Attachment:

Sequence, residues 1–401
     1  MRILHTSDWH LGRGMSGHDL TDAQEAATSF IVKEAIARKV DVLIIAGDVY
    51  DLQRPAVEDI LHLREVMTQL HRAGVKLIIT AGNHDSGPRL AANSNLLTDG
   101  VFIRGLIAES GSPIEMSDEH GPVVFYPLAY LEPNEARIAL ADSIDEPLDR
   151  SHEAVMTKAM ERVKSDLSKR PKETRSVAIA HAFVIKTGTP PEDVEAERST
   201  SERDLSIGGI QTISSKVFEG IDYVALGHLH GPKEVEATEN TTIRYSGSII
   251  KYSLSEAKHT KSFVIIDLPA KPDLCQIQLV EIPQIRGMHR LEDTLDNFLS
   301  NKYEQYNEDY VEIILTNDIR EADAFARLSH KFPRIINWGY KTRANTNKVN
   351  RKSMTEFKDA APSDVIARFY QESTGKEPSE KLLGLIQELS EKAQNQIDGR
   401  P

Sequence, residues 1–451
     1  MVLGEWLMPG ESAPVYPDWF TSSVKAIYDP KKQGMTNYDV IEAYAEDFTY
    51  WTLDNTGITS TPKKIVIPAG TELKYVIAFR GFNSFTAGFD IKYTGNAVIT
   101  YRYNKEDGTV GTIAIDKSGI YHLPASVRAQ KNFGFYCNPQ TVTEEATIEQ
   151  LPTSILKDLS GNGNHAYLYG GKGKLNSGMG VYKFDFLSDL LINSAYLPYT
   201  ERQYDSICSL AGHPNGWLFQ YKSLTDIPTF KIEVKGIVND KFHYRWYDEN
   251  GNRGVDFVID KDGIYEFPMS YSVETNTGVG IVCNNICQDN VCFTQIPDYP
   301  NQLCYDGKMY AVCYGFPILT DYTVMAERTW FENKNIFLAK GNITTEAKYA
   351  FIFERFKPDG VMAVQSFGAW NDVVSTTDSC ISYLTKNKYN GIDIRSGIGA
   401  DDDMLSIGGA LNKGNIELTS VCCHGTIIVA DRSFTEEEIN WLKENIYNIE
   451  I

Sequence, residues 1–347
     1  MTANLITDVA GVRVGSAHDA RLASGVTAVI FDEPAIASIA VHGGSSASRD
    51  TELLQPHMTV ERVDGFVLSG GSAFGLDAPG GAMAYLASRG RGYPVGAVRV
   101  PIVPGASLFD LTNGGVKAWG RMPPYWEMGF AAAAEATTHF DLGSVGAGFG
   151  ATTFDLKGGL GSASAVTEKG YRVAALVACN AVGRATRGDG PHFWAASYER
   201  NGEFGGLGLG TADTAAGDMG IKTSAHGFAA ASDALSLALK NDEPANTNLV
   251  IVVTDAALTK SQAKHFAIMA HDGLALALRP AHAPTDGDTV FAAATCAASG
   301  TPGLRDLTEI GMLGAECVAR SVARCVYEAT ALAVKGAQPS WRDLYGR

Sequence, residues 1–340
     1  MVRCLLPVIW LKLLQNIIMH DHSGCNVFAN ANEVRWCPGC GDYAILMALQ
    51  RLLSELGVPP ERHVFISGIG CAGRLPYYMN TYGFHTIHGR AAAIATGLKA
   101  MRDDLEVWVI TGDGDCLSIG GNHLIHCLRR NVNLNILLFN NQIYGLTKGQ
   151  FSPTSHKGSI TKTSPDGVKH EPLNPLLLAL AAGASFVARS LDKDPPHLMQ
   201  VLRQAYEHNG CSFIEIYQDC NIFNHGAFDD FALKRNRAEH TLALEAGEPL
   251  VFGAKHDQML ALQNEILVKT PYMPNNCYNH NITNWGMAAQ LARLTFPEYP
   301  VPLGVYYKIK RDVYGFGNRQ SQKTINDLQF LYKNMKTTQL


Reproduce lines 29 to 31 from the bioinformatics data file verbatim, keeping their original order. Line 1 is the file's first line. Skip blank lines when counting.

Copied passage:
   301  TPGLRDLTEI GMLGAECVAR SVARCVYEAT ALAVKGAQPS WRDLYGR

Sequence, residues 1–340
     1  MVRCLLPVIW LKLLQNIIMH DHSGCNVFAN ANEVRWCPGC GDYAILMALQ